On Sunday, Mandera Governor Ali Roba called on the government to “reshuffle” its entire security team in the region, saying that officers did not follow up on cases and that a state of insecurity was considered normal.

“Many suspects who are apprehended are released from cells under unknown circumstances, even when there is evidence of their involvement in crime,” Mr Roba told Kenya’s Daily Nation.

Somalia-based al-Shabab said it had carried out Saturday’s attack in retaliation for a government crackdown on mosques in the Kenyan coastal city of Mombasa that were allegedly used by extremists. Security forces seized weapons during the raids.

Mr Ruto said such police operations would not stop.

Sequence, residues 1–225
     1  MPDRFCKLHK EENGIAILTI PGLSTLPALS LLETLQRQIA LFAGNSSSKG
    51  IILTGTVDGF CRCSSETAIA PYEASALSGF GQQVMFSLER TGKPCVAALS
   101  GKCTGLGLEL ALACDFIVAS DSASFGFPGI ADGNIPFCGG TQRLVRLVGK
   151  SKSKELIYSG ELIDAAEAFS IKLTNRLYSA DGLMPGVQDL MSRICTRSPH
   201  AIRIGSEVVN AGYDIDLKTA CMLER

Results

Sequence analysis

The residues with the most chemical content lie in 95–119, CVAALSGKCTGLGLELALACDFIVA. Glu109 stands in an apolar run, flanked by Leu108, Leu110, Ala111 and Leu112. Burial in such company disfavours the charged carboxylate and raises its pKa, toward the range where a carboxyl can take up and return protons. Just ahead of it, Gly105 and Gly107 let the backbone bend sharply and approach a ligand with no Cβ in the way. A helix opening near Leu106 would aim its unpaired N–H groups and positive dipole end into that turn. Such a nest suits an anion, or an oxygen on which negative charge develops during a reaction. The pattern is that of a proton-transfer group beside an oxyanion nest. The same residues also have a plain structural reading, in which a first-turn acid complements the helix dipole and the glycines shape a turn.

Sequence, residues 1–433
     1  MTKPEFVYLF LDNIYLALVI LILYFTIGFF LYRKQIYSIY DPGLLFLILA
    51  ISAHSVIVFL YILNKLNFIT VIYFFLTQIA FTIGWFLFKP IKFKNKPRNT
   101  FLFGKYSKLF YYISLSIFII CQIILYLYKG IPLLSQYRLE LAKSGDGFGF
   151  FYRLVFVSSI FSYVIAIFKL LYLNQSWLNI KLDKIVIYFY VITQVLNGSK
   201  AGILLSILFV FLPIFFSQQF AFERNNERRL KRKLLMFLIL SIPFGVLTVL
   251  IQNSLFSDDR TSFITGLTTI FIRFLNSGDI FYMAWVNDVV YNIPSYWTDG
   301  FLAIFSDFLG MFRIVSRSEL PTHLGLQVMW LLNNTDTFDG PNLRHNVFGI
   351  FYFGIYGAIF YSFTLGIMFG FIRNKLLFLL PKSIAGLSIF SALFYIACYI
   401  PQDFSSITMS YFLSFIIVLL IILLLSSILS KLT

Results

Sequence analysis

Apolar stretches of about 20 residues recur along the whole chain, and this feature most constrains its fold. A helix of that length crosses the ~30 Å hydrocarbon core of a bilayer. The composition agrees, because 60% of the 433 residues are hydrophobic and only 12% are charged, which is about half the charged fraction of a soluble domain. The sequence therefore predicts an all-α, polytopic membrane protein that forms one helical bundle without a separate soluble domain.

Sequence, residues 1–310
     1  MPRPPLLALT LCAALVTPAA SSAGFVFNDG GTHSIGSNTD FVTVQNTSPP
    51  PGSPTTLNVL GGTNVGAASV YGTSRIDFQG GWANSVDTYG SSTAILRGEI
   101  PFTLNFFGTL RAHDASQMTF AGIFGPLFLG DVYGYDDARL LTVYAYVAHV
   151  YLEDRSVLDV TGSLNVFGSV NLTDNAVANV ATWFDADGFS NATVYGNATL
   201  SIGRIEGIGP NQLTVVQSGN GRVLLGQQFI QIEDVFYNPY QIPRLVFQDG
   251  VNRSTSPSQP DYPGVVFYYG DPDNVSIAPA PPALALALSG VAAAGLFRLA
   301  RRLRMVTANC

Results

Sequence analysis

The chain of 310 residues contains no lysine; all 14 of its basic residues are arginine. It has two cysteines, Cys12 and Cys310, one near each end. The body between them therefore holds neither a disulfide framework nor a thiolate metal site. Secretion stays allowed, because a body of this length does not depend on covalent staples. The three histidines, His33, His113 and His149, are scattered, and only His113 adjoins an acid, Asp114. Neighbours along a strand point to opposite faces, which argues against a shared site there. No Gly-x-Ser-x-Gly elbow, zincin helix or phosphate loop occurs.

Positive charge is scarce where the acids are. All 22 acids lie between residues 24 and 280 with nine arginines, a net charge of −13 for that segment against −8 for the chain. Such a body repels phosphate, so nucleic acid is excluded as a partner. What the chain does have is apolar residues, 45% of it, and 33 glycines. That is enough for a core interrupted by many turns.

“We will not allow our praying places to be used as armoury,” he said. “This operation is going to happen no matter what.”

He also called on Muslim religious leaders to help ensure that mosques were not taken over by extremists.




Nigeria – Boko Haram kill 48 fishermen near Chad border

‘Boko Haram’ kills 48 Nigerian fishermen near Chad

Islamist militants from Nigeria’s Boko Haram have reportedly killed 48 people in an attack on fish sellers near the border with Chad.

A fish traders’ group said some victims had their throats slit whilst others were tied up and drowned in Lake Chad.

The attack took place on Thursday, but the news took several days to come to light because Boko Haram has destroyed mobile phone masts in the area.

It was the second major attack in two days by Boko Haram.

In Thursday’s attack, the traders were on their way to Chad to buy fish when militants blocked their path near the village of Doron Baga, some 180km (112 miles) north of Maiduguri in Borno state.